Reading List

The Gospel of Eureka Delve Deeper Reading List

Memoir

Chu, Jeff.Does Jesus Really Love Me?: A Gay Christian's Pilgrimage in Search of God in America.Harper Collins, 2014.

Part memoir and part investigative analysis that explores the explosive and confusing intersection of faith, politics, and sexuality in Christian America. The quest to find an answer is at the heart of Does Jesus Really Love Me?apersonal journey of belief. From Brooklyn to Nashville to California, from Westboro Baptist Church and their “God Hates Fags” protest signs, to the pioneering Episcopalian bishop Mary Glasspool—who proclaims a message of liberation and divine love, Chu captures spiritual snapshots of Christian America at a remarkable moment, when tensions between both sides in the culture wars have rarely been higher.

Arceneaux, Michael.I Can’t Date Jesus: Love, Sex, Family, Race, and Other Reasons I've Put My Faith in Beyoncé. Atria Books, 2018.

I Can’t Date Jesusis Michael Arceneaux’s impassioned, forthright, and refreshing look at minority life in today’s America. Leaving no bigoted or ignorant stone unturned, he describes his journey in learning to embrace his identity when the world told him to do the opposite. He eloquently writes about coming out to his mother; growing up in Houston, Texas; being approached for the priesthood; his obstacles in embracing intimacy that occasionally led to unfortunate fights with fire ants and maybe fleas; and the persistent challenges of young people who feel marginalized and denied the chance to pursue their dreams. Perfect for fans of David Sedaris, Samantha Irby, and Phoebe Robinson, Arceneaux tells us—without apologies—what it’s like to be outspoken and brave in a divisive world.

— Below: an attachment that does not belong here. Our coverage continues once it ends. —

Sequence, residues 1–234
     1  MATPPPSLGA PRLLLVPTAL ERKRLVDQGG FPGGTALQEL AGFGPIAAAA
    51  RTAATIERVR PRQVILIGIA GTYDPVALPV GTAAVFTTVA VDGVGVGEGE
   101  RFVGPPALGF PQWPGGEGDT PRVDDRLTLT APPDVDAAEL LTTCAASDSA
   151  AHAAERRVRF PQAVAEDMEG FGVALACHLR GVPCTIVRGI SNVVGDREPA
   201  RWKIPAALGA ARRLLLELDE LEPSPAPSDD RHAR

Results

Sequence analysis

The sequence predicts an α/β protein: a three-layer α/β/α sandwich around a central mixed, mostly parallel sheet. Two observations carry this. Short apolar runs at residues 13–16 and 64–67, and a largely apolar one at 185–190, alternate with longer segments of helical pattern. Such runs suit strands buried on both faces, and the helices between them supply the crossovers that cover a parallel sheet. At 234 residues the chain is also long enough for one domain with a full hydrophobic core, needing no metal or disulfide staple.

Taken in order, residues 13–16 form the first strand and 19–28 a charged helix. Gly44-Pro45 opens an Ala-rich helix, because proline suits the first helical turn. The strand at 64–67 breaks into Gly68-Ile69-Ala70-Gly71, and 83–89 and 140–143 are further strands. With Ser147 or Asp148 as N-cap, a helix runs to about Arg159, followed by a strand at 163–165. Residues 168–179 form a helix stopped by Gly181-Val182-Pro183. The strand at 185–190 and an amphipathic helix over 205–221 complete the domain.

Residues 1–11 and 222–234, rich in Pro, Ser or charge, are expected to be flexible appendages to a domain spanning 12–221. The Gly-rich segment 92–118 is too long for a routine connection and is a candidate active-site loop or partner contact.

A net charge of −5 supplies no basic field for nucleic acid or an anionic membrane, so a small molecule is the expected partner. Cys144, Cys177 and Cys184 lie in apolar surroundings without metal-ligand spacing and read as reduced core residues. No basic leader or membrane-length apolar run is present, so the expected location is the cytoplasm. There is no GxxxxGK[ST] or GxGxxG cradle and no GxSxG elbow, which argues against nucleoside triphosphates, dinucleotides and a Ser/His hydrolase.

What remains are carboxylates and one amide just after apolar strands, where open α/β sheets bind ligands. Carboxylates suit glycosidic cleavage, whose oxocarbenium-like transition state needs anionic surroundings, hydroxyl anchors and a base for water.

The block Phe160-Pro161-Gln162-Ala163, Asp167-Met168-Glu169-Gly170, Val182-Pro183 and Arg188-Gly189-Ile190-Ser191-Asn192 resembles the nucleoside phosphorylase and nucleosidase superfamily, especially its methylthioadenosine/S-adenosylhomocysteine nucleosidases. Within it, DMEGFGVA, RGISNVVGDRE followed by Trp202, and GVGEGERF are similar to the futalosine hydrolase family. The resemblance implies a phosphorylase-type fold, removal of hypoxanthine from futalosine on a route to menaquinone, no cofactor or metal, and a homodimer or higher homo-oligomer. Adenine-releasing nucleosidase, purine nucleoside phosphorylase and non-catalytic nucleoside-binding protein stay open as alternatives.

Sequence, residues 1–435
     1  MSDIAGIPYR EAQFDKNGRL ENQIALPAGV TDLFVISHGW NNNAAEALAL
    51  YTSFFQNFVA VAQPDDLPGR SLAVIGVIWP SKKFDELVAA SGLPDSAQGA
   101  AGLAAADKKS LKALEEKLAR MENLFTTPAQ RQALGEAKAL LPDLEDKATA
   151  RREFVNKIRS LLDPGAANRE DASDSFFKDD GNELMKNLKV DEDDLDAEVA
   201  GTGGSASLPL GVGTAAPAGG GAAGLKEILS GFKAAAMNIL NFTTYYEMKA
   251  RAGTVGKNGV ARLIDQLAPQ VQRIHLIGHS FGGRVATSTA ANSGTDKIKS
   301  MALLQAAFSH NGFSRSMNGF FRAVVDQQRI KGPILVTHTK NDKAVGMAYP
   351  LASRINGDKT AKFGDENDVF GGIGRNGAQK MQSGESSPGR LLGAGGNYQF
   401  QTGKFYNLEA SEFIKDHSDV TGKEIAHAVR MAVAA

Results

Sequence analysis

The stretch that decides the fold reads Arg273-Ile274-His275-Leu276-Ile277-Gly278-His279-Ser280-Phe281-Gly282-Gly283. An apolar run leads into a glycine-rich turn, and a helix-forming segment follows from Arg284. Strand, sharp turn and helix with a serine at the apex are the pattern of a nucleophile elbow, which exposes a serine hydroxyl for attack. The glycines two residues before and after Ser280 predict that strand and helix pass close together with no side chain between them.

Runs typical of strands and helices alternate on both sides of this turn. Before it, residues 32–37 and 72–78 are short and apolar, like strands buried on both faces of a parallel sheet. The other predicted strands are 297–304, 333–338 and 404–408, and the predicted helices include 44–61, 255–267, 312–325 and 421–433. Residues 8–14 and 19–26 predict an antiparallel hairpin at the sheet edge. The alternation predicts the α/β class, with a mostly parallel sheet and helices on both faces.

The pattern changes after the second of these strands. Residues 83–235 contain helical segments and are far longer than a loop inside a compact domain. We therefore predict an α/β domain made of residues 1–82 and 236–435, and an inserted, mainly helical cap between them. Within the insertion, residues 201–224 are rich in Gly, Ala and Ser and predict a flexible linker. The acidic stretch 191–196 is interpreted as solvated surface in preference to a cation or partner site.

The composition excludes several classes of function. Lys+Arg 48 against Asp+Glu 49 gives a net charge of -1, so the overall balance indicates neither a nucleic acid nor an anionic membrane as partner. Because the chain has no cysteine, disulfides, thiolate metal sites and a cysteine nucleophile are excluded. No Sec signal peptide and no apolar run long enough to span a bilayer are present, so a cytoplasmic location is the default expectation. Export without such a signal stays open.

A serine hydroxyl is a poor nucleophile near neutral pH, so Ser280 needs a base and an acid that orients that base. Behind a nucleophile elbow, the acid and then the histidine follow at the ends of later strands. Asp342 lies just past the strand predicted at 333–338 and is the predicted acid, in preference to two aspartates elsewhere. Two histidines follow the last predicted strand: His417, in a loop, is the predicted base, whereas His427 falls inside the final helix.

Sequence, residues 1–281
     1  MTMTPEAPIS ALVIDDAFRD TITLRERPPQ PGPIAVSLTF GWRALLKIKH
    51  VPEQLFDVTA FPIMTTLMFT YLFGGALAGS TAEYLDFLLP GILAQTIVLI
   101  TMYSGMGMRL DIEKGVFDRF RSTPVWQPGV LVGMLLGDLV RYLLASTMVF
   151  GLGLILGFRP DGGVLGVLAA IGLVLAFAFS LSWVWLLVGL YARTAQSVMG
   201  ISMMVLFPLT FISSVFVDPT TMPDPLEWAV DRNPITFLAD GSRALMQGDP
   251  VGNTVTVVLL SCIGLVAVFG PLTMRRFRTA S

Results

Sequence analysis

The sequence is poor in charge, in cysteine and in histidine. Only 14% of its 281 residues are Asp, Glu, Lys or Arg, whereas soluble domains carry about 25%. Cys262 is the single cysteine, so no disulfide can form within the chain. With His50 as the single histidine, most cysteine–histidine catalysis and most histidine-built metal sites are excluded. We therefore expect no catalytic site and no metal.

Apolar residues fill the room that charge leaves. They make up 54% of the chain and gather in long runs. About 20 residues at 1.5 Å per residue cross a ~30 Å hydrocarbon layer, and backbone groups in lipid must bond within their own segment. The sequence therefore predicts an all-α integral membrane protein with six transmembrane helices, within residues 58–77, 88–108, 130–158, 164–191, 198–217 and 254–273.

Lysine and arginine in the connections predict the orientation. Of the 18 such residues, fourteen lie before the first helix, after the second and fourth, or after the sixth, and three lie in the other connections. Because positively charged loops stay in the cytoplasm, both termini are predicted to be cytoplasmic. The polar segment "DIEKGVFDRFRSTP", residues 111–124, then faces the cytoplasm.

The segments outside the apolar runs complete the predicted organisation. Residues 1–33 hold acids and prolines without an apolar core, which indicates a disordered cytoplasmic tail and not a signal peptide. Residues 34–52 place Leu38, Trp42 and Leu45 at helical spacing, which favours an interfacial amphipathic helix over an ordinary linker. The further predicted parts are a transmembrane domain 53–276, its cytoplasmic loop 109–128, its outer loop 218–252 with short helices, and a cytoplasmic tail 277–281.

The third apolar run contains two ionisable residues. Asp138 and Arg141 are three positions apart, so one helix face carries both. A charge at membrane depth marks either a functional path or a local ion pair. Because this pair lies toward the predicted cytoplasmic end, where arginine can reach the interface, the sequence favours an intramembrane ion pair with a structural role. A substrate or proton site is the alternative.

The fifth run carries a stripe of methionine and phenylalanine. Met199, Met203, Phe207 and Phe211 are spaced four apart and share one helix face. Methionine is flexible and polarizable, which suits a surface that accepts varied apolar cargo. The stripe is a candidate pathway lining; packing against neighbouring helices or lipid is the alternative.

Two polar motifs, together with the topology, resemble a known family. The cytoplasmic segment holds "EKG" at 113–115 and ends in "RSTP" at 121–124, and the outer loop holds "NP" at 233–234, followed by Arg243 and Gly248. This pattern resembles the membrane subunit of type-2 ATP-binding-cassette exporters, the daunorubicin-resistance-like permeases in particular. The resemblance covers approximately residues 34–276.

McNally, Terrence.Corpus Christi. Dramatists Play Service, 1998.

The most controversial and talked about play of the 1998 theatrical season begins: “We are going to tell you an old and familiar story.” But from that point on, nothing feels quite familiar again. What follows is a story that parallels the New Testament's, and its subject is nothing less than the birth, death and resurrection of Jesus. But McNally's Christ figure is a character named Joshua, a young man born and raised in Corpus Christi, Texas, in the early 1950s. Different from the other boys because he is homosexual, Joshua grows up in isolation and torment, an object of scorn. He flees Corpus Christi in search of a more accepting environment, gathering along the way a group of disciples who are bound to him by his message of love and tolerance.

Cherry, Kittredge.The Passion of Christ: A Gay Vision. Apocryphile Press, 2014.

Meet Jesus as a gay man of today in a contemporary city with The Passion of Christ: A Gay Vision. In stunning new images, the modern Christ figure is jeered by fundamentalists, tortured by Marine look-alikes, and rises again to enjoy homoerotic moments with God. His surprisingly diverse friends join him on a journey from suffering to freedom. Readers call it “accessible but profound.” Some are moved to tears. The 24 paintings in the gay Passion reveal Jesus’ final days, including his arrest, trial, crucifixion, and resurrection. A queer Passion is important now because Christianity is being used to justify hate and discrimination against lesbian, gay, bisexual, and transgender people.